|'Lord' Michael Hayes - PART II|
To my surprise, I have received many requests for some more road stories involving myself and Michael “P.S.” Hayes. Remember now… you asked for it.
I had two top pet peeves riding with Michael. My first hatred was his hair. If he wore out the bristles on twenty brushes a month that is an understatement. He continually brushed his bleached hair 24 hours a day, 7 days a week. It drove me insane, and he knew it. I didn’t have any room to talk, my hair was bleached too, but I knew what hairspray was used for.
As a side note, I am probably one of the few that chuckled last year, when the news broke about the WWE transatlantic plane trip, where “P.S.” received an unplanned visit to the kayfabe barbershop. Poor Michael! Hee..heee…heeee!
My second problem with Hayes during our early days was his music preferences. He was “the hot child in the city, running wild and looking pretty…” and my radio buttons were preset to pure country. To say that opposites attract couldn’t be truer when it came to our days on the road. This brings me to the night of the big wreck in Hattiesburg, Mississippi.
It was about 1 o’clock in the morning, I was driving as usual, and we were heading south down Hwy. 49 headed for good ‘ol Mobile. Hayes insisted we stop at The Waffle House, and damn it I was determined to have a Krystal. For you Yankees, The Krystal is almost the equivalent of a White Castle hamburger.
“Waffle House…Waffle House” he continued to whine, “We are going to get a waffle”. So, to keep the peace, I turned into the WH. The parking lot was packed full; there was a line out the door. “See, told you so!” I boasted, “We ain’t waiting in no damn line. It’s Krystal, or nothing.” I turned my new 1977 Mustang around on two wheels and headed for the exit.
For those of you that have never had the pleasure, Highway 49 is the major roadway in Hattiesburg. It is four lanes, and even had one of those fancy medians running down the middle. I had to be careful not to spell Meridian, because that was a town about 40 miles to the east, and that’s another story.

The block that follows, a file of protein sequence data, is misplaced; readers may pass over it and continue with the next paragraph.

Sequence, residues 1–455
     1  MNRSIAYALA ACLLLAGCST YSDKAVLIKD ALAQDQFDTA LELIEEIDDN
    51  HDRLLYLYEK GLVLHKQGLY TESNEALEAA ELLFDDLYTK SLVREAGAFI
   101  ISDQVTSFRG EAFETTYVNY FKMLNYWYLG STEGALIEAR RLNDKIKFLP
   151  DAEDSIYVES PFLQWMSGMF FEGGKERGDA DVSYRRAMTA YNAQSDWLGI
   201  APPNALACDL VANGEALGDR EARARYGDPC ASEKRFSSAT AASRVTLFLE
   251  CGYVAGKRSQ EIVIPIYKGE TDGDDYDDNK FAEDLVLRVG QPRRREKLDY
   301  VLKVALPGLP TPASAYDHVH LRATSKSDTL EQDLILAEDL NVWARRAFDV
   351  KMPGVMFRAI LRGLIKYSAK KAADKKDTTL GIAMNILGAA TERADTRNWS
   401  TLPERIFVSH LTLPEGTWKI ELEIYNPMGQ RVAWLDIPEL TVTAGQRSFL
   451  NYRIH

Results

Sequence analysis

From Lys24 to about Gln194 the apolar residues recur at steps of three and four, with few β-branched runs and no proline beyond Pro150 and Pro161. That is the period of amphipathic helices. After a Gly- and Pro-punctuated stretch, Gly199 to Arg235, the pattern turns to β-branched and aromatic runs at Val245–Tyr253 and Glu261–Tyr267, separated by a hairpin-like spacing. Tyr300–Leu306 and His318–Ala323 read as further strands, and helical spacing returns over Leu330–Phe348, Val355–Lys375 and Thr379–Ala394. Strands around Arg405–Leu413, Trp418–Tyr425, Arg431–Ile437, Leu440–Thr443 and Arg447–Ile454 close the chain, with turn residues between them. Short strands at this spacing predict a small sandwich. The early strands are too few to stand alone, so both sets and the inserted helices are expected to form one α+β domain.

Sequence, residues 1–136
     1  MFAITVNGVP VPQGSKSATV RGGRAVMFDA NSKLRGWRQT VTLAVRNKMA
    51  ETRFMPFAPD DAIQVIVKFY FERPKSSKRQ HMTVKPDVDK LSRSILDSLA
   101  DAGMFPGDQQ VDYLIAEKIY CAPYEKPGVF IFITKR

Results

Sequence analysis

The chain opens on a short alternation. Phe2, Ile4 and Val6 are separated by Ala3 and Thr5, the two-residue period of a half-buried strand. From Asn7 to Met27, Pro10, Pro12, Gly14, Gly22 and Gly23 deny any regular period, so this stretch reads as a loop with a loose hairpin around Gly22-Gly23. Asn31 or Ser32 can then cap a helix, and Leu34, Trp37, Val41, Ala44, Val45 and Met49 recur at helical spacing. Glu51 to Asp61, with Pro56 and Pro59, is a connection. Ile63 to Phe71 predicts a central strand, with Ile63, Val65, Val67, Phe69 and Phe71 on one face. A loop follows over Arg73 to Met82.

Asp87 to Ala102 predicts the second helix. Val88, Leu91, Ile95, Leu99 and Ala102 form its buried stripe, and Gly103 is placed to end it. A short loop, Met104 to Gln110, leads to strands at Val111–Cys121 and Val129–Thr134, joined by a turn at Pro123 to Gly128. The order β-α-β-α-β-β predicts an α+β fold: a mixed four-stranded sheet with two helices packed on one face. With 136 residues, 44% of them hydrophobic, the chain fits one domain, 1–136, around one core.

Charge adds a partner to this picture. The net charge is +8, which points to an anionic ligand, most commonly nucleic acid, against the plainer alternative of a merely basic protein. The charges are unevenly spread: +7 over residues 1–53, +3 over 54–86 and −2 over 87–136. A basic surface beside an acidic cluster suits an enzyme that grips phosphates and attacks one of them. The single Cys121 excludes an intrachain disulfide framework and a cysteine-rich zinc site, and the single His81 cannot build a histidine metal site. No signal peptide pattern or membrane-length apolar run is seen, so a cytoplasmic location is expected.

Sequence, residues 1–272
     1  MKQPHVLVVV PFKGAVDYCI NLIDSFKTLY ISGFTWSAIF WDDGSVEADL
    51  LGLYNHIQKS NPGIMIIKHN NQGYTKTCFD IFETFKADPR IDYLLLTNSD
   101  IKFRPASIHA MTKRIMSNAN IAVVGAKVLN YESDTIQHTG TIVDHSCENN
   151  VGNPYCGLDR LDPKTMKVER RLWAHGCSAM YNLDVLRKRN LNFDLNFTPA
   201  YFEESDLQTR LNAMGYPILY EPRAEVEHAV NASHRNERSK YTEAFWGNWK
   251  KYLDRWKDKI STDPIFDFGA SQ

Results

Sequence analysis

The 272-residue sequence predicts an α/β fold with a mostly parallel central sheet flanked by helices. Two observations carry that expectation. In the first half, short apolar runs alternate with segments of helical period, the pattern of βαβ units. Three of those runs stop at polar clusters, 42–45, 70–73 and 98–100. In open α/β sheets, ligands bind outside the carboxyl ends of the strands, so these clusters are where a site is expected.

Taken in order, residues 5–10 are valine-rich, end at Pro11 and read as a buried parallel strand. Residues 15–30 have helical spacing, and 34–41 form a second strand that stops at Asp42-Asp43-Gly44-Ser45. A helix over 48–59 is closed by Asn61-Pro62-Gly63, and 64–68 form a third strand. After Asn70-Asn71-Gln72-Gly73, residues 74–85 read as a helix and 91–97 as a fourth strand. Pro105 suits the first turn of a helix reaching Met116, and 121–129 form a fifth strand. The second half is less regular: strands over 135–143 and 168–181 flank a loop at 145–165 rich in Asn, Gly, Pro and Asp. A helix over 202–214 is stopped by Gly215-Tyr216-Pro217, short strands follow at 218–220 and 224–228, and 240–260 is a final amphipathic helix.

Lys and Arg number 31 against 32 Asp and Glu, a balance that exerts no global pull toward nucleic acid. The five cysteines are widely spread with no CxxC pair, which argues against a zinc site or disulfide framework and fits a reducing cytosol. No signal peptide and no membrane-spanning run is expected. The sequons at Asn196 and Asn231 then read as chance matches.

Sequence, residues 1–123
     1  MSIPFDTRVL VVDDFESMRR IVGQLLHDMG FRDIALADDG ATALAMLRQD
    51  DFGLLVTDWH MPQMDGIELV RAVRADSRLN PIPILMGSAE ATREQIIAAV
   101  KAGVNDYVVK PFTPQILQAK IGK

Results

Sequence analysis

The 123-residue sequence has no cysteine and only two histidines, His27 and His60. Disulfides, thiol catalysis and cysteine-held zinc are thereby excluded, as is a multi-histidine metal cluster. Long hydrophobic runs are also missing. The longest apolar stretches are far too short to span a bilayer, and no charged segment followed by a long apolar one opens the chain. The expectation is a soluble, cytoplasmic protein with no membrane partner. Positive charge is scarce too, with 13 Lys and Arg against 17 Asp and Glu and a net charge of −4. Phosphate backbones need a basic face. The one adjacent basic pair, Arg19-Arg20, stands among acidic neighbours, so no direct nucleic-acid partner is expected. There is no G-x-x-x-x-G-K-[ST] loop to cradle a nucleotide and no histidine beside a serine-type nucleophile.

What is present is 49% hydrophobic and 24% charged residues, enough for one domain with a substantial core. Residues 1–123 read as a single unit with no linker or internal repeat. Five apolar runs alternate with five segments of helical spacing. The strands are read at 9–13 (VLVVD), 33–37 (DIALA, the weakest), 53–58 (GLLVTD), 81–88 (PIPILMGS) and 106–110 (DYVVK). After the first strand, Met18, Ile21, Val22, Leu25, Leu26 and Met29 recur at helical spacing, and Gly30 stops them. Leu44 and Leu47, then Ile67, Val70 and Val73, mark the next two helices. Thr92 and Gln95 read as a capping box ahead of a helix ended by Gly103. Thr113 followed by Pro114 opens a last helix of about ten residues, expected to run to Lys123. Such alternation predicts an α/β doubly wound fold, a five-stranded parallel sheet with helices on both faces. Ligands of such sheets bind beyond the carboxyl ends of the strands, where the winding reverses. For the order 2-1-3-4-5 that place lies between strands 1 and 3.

Anyway, The Krystal was located just right across the highway. However, there were about three or four eighteen-wheelers parked on the shoulder of the road, as I pulled out of the WH parking lot. Needless to say, they completely blocked my view of the oncoming traffic. Hell, I didn’t care; I didn’t even look anyway because I was finally going to get a win over Hayes.
I’ll never forget that crashing sound, and the sight of a jeep flipping over what was left of the front of my Mustang. When it was all over, the jeep was lying on its side in the middle of the road. I guess it was my ambulance training, back in the day, but the next thing I knew I had climbed on top of the jeep, had it’s door open, and was checking on it’s occupants.
Thank The Good Lord; nobody was injured, even though both vehicles were totaled. I had to call my parents to drive up from Mobile and pick us up; I believe we made it home about sunrise. Damn it, I didn’t get to go to The Krystal! Hayes won again! We had to pass that very spot on every trip we made to North Mississippi. Do you think Lord Michael Hayes ever let me forget that night? Please…
I have at least a hundred more, but in my final Michael Hayes story for now, I might have to put him over. We were leaving a show in Meridian, Mississippi heading back towards Mobile again. I don’t know how it happened, but this time Hayes was driving one of his old $200 throwaway cars that I told you about last month. Oh yeah, I forgot to add he always drove like he thought he was Richard Petty.
We were on an old two-lane, winding logging road that ran through the woods of South Mississippi. The main thing that immediately comes to mind is that it was so dark outside. If there were any stars out, their light was blocked by the tall pine trees on each side of us. All of a sudden, THERE IT WAS! No less than a big coke machine right in front of us, in the middle of the road. Apparently some kids must have stolen it, and tossed it off the back of a truck.
Here comes the payoff. Hayes whipped that old beat up car around that vending machine onto the shoulder of the road, and right back onto the asphalt. We didn’t say a word to each other for about ten-minutes. “Was that was I thought it was?” Hayes asked me. “What?” I answered, “I think it was a possum.” Did you actually think I would put him over? Please…